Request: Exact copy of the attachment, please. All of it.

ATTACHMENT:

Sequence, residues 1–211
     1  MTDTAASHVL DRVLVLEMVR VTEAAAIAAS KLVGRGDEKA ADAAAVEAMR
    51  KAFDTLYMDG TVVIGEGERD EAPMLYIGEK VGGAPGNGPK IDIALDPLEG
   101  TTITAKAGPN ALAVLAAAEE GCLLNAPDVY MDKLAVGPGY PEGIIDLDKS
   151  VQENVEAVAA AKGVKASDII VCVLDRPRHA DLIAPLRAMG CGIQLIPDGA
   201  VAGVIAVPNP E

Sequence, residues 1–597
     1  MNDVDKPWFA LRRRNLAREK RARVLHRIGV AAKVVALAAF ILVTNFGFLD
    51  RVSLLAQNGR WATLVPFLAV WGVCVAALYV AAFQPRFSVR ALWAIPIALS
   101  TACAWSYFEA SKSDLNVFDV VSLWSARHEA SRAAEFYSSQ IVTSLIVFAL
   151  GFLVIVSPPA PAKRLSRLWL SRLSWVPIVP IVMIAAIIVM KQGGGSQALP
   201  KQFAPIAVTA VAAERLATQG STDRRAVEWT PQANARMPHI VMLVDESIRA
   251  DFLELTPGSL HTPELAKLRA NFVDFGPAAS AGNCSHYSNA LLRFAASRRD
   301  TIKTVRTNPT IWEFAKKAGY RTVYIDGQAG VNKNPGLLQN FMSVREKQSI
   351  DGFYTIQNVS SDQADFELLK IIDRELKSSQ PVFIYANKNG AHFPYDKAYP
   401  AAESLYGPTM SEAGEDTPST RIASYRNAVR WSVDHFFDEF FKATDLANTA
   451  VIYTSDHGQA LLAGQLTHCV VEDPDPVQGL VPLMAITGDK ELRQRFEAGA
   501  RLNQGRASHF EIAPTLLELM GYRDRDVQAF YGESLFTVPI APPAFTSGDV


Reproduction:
Sequence, residues 1–211
     1  MTDTAASHVL DRVLVLEMVR VTEAAAIAAS KLVGRGDEKA ADAAAVEAMR
    51  KAFDTLYMDG TVVIGEGERD EAPMLYIGEK VGGAPGNGPK IDIALDPLEG
   101  TTITAKAGPN ALAVLAAAEE GCLLNAPDVY MDKLAVGPGY PEGIIDLDKS
   151  VQENVEAVAA AKGVKASDII VCVLDRPRHA DLIAPLRAMG CGIQLIPDGA
   201  VAGVIAVPNP E

Sequence, residues 1–597
     1  MNDVDKPWFA LRRRNLAREK RARVLHRIGV AAKVVALAAF ILVTNFGFLD
    51  RVSLLAQNGR WATLVPFLAV WGVCVAALYV AAFQPRFSVR ALWAIPIALS
   101  TACAWSYFEA SKSDLNVFDV VSLWSARHEA SRAAEFYSSQ IVTSLIVFAL
   151  GFLVIVSPPA PAKRLSRLWL SRLSWVPIVP IVMIAAIIVM KQGGGSQALP
   201  KQFAPIAVTA VAAERLATQG STDRRAVEWT PQANARMPHI VMLVDESIRA
   251  DFLELTPGSL HTPELAKLRA NFVDFGPAAS AGNCSHYSNA LLRFAASRRD
   301  TIKTVRTNPT IWEFAKKAGY RTVYIDGQAG VNKNPGLLQN FMSVREKQSI
   351  DGFYTIQNVS SDQADFELLK IIDRELKSSQ PVFIYANKNG AHFPYDKAYP
   401  AAESLYGPTM SEAGEDTPST RIASYRNAVR WSVDHFFDEF FKATDLANTA
   451  VIYTSDHGQA LLAGQLTHCV VEDPDPVQGL VPLMAITGDK ELRQRFEAGA
   501  RLNQGRASHF EIAPTLLELM GYRDRDVQAF YGESLFTVPI APPAFTSGDV